This was the only filled bar in the mix. The center was a thin little strip of chocolate creme. It really didn’t taste that much different than the standard Milka Bar, mostly because of the proportions. It had more of a chocolate frosting flavor to it though. It was my least favorite of the mix.
I like that Milka comes in so many different varieties and that the European versions also come in different sizes and seasonal variations. This box of chocolate though was a bit on the expensive side, compared to the large 100 gram (3.5 ounce) tablet bars at 3 Euros (about $4). Basically, I could have bought one of each of these varieties as a full sized bar for about the same amount of money, but had more than 3 times as much candy.
I have a dark chocolate version of a Milka bar at home, I’m hoping that’s a bit more to my personal liking, but mixes like this always have something to please most folks. (And I did finish most of the box without any help from anyone else.)
Wednesday, March 9, 2011
According to Wikipedia, the development tale is rather curious. Marabou, the preeminent Swedish chocolate company, approached Heath Bar back in the early 1950s for permission to license the Heath name and recipe to be produced for the Swedish/Norwegian marketplace. Heath said they couldn’t but did furnish the basic recipe so Marabou created the Daim Bar. The Daim went on to become quite a sensation, so much so that Hershey’s decided it needed its own crunchy toffee bar and copied the Daim in the US and called it Skor (along with the tag line of “The Taste of Sweden” in their launch advertising). The funniest part of the whole thing about Hershey’s marketing a copy of a Swedish candy that was a copy of an American candy was that Hershey’s ended up buying Heath Bar when they acquired Leaf Candy Company in 1996.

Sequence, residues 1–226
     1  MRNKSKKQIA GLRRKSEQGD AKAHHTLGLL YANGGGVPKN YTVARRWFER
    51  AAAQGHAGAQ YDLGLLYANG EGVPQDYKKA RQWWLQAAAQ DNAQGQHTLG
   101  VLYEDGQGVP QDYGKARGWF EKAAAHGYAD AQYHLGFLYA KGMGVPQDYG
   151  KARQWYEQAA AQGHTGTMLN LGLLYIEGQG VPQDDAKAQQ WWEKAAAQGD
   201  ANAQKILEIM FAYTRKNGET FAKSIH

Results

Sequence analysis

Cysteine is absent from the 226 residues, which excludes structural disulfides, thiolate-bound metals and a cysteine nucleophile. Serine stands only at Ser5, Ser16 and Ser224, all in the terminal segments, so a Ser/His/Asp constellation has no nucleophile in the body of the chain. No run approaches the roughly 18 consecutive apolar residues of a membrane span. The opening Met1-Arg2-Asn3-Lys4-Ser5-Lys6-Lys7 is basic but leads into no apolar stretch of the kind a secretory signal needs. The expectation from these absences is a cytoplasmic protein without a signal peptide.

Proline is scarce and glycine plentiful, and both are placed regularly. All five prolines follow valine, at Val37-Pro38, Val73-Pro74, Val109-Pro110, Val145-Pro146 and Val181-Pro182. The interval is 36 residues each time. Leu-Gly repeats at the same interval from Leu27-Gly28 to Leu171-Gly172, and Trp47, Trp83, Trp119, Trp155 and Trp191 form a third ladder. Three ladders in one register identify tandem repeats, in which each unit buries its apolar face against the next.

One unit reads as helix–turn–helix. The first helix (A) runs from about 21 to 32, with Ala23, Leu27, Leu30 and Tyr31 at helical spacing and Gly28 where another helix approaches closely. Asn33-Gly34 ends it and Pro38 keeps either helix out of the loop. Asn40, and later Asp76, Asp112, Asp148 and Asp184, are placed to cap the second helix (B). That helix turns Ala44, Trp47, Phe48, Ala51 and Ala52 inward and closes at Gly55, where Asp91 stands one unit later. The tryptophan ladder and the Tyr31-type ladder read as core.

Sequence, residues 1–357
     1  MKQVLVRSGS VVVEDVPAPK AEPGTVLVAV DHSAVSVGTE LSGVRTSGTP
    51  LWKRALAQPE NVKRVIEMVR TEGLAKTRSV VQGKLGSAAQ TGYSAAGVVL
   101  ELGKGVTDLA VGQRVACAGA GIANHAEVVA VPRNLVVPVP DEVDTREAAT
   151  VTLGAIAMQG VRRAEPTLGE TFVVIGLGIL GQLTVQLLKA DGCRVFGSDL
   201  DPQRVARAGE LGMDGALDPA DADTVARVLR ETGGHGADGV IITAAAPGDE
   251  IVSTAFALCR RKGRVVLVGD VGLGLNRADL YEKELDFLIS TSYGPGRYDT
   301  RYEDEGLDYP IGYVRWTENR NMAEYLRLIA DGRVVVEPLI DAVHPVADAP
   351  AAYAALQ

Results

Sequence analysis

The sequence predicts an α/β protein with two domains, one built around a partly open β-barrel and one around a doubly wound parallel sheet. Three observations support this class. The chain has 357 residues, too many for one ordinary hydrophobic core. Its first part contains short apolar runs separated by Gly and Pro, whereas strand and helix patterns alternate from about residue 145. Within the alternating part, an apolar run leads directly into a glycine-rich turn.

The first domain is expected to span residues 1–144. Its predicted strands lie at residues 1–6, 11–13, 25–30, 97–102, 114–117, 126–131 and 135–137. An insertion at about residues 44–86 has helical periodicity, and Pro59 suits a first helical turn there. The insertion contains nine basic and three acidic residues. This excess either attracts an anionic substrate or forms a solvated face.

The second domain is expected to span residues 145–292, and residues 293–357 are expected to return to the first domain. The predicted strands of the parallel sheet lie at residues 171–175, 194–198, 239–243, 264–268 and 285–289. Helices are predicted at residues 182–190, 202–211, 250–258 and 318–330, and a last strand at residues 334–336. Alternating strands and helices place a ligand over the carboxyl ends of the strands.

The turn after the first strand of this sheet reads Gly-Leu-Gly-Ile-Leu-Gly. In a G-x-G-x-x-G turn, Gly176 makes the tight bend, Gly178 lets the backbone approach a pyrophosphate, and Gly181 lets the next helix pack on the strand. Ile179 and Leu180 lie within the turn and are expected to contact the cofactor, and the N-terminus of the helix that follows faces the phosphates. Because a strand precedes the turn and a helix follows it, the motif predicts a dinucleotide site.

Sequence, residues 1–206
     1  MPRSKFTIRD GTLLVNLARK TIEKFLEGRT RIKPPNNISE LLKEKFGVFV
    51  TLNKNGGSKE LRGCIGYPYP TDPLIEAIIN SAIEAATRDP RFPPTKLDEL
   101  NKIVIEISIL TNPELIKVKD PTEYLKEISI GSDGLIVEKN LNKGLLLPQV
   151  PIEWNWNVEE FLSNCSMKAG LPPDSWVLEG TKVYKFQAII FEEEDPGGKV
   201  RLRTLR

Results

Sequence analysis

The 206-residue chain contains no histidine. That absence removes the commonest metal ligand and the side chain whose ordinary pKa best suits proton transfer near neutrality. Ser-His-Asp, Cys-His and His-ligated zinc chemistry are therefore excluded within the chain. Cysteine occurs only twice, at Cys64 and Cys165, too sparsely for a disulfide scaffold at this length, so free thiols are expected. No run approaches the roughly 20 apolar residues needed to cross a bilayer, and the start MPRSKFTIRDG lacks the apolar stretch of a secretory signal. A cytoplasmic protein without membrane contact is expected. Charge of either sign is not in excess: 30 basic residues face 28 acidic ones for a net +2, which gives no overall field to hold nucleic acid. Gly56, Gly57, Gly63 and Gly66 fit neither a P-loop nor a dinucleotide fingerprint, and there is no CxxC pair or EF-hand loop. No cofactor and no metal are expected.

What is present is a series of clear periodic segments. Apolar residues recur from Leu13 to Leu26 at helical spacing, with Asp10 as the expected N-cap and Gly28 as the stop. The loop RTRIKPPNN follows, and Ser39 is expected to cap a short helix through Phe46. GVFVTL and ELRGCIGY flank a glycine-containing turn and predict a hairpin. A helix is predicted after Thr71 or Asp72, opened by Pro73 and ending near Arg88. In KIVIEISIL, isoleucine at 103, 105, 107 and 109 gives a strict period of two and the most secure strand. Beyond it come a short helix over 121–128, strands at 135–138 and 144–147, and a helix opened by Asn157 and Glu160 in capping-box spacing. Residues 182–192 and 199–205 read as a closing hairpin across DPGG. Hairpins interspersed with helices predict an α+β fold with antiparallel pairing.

Marabou, in turn, was bought out by Kraft back in 1993 which distributes the Marabou chocolate products around the world. The easiest place to find Daim bars is at IKEA.
The bar does look a lot like the American Skor. It’s a smallish bar, flat and with a crisp buttery toffee center with a few bits of almonds in there. The milk chocolate coating is a little thicker on top with some attractive swirls and waves.
At only 28 grams (about .99 ounces) it’s a small bar but provides a lot of crunch.
I’ve bought this bar at least three different times for review on Candy Blog and each time I’ve managed to eat it before reviewing. (The photos here are from a 2008 episode where at least the bar made it into the studio for documentation.)
While I was in Europe I was pleased to see Daim widely available. Not only does it come in the familiar bar format, the toffee chips are also used in other co-branded confections, like a version of the Milka Bar (Jim’s Chocolate Mission has a review)
Since I knew I could find another bar in the States if I wanted it, I picked up this 100 gram (3.5 ounce) bag of Daim. The package says nothing else on the front - no description, no brand name ... just Daim. Not even the fact that this is not a bar but little chocolate covered nuggets. I guess the picture on the front says it all. My guess is since Daim is available in so many countries, it’s just confusing to say things, why not show them? The back of the package features micro-printing to accommodate at least 8 different language versions of the ingredients and still no actual name of the product. So I’m going to call these Daim Nuggets.
The little pieces are actually better, in my opinion, than the bar. I loved them. The chocolate is certainly not of excellent quality but good enough for this purpose. It’s milky and sweet and just creamy enough. It seals in the crunchy pieces of toffee to keep them from getting sticky and syrupy.
The toffee has a light burnt taste to it, plenty of milk and a touch of salt. It’s crunchy and every once in a while I think I got a little bit of an almond. The toffee is cooked to perfection - it’s crunchy but not too hard (having small pieces helps) and also doesn’t get tacky or stick to my teeth in large clumps.
I bet this is great on ice cream or added to cookies, of course it would need to come in larger bags, because this one is empty.
Meticulously photographed and documented reviews of candy from around the world. And the occasional other sweet adventures. Open your mouth, expand your mind.